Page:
"It is obvious that "equality in law precludes discrimination of any kind; whereas equality, in fact, may involve the necessity of differential treatment in order to attain a result which establishes an equilibrium between different situations." We cannot, therefore, have arid equality which does not take into account the social and economic disabilities and inequalities from which large masses of people suffer in the country. Equality in law must produce real equality; de jure equality must ultimately find its raison d'etre in de facto equality. The State must, therefore, resort to compensatory State action for the purpose of making people who are factually unequal in their wealth, education or social environment, equal in specified areas. The State must, to use again the words of Krishna Iyer. J. in Jagdish Saran's case (supra) weave those special facilities into the web of equality which, in an equitable setting provide for the weak and promote their levelling up so that, in the long run, the community at large may enjoy a general measure of real equal opportunity equality is not negated or neglected where special provisions are geared to the large goal of the disabled getting over their disablement consistently with the general good and individual merit." The scheme of admission to medical colleges may, therefore, depart from the principle of selection based on merit, where it is necessary to do so for the purpose of bringing about real equality of opportunity between those who are unequals.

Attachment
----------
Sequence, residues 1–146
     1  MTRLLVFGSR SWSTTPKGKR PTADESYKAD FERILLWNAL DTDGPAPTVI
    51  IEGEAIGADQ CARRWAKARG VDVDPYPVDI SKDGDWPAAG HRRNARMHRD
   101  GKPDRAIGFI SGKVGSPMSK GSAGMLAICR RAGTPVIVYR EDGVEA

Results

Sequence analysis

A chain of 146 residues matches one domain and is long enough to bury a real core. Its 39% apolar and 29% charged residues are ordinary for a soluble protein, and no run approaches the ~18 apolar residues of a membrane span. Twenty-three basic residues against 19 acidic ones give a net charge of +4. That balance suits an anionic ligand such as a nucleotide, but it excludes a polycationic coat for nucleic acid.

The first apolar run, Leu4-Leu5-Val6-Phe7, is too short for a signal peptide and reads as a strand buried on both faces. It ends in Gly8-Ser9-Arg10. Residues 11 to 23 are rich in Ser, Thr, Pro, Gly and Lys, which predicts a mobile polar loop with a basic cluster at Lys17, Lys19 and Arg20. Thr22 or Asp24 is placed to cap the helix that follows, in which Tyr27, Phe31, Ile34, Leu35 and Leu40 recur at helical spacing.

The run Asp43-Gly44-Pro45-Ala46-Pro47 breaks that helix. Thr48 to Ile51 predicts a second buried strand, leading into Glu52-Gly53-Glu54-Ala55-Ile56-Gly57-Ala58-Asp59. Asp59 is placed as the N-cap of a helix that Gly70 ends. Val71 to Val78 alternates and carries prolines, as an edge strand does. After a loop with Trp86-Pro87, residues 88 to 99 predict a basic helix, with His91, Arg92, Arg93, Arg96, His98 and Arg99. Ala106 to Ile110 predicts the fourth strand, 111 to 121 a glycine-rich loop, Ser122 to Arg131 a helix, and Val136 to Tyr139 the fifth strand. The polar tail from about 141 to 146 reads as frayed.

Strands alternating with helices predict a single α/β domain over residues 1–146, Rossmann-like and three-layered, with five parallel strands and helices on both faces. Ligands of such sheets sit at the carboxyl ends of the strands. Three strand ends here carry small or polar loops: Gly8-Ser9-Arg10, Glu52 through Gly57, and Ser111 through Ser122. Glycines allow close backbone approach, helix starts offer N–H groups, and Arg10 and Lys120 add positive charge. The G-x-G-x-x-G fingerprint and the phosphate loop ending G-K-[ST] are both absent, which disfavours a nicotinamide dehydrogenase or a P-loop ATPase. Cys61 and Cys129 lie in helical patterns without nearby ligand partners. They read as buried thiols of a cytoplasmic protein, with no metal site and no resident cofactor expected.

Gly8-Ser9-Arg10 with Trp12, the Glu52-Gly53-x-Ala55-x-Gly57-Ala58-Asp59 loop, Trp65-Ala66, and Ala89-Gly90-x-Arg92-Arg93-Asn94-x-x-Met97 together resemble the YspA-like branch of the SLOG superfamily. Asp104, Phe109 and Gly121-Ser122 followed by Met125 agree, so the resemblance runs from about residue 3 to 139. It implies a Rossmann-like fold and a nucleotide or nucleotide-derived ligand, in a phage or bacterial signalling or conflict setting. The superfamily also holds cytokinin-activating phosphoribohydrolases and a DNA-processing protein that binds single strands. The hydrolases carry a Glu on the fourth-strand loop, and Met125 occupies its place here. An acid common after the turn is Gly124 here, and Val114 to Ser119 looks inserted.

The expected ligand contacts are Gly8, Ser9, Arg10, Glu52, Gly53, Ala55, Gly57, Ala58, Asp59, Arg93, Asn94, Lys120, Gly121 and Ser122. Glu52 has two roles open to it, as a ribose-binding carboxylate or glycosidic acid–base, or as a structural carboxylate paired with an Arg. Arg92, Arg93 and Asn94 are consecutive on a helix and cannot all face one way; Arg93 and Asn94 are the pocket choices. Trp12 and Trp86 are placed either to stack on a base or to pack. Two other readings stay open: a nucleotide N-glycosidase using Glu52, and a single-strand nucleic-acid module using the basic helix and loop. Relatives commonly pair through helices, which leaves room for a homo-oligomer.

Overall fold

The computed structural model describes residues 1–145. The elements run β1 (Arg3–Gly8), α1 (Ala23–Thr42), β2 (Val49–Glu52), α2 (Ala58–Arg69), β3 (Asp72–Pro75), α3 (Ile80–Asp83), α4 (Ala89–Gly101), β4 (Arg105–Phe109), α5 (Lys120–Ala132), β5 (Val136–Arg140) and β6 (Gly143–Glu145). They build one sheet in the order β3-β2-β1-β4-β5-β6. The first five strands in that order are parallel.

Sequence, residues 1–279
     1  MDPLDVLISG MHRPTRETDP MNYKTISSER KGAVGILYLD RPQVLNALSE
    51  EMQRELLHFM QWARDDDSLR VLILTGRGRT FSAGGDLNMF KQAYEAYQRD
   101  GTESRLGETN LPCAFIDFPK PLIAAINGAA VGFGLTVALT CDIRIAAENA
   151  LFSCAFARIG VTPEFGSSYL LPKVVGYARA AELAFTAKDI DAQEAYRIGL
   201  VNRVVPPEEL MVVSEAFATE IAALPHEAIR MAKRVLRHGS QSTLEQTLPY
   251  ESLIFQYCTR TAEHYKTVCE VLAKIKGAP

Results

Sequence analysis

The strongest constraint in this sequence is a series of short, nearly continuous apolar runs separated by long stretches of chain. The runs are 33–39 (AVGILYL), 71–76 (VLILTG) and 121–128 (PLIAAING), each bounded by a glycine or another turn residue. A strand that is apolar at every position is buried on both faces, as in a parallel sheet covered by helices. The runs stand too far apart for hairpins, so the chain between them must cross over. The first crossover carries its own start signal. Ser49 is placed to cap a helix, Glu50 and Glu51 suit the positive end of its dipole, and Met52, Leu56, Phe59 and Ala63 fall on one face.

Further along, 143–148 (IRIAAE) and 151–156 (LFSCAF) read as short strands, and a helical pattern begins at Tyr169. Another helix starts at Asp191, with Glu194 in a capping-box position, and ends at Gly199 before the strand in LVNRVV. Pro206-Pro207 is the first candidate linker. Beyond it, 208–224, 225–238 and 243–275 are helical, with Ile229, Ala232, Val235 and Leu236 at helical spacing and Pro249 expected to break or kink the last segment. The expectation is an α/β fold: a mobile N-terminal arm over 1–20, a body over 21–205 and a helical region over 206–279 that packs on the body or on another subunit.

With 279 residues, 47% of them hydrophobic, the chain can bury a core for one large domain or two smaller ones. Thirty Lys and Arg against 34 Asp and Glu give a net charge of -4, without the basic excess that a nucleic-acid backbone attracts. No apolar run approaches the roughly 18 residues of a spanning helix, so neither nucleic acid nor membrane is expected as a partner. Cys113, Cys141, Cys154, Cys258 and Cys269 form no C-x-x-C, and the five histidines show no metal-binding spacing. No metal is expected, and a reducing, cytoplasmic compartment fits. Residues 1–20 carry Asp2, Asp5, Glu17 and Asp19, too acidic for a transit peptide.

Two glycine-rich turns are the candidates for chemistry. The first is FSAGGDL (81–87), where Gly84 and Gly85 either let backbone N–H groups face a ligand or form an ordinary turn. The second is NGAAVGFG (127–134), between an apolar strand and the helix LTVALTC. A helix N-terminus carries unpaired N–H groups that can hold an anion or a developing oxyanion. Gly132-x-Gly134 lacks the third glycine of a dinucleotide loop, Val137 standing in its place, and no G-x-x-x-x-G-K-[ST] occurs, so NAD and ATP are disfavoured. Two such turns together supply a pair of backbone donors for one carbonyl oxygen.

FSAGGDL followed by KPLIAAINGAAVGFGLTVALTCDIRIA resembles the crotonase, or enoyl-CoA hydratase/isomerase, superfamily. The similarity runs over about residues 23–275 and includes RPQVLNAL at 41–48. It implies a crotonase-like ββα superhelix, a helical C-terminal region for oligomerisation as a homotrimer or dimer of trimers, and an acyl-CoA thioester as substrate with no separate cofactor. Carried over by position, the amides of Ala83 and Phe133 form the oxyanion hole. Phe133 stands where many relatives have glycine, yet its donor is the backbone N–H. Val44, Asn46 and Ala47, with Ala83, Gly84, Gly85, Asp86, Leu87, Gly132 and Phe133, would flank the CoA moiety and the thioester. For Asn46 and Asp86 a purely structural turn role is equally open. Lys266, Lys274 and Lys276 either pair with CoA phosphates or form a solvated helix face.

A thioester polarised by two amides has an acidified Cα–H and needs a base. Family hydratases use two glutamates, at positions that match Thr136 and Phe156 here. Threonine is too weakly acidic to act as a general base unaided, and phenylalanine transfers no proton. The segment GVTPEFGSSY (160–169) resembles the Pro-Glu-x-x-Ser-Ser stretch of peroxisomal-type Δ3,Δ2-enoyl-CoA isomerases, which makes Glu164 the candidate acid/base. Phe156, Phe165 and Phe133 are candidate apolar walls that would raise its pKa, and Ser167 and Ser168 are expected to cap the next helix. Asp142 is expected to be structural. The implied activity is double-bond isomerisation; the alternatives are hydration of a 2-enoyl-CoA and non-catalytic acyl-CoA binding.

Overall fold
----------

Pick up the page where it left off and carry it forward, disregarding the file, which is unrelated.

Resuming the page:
There are. in the application of this principle, two considerations which appear to have weighed with the Court in justifying departure from the principle of selection based on merit. One is what may be called State interest and the other is what may be described as a region's claim of backwardness. The legitimacy of claim of State interest was recognised explicitly in one of the early decisions of this Court in D.P. Joshi's case (supra) The Rule impugned in this case was a Rule made by the State of 970 Madhya Bharat for admission to the Mahatma Gandhi Memorial Medical College, Indore providing that no capitation fee should be charged for students who are bona fide residents of Madhya Bharat but for other non-Madhya Bharat students, there should be a capitation fee of Rs. 1300 for nominees and Rs. 1500 for others. The expression bona fide resident' was defined for the purpose of this Rule to mean inter alia a citizen whose original domicile was in Madhya Bharat provided he had not acquired a domicile elsewhere or a citizen whose original domicile was not in Madhya Bharat but who had acquired a domicile in Madhya Bharat and had resided there for not less than five years at the date of the application for admission. The constitutional validity of this Rule was challenged on the ground that it discriminated between students who were bona fide residents of Madhya Bharat and students who were not and since this discrimination was based on residence in the State of Madhya Bharat, it was violative of Article 14 of the Constitution.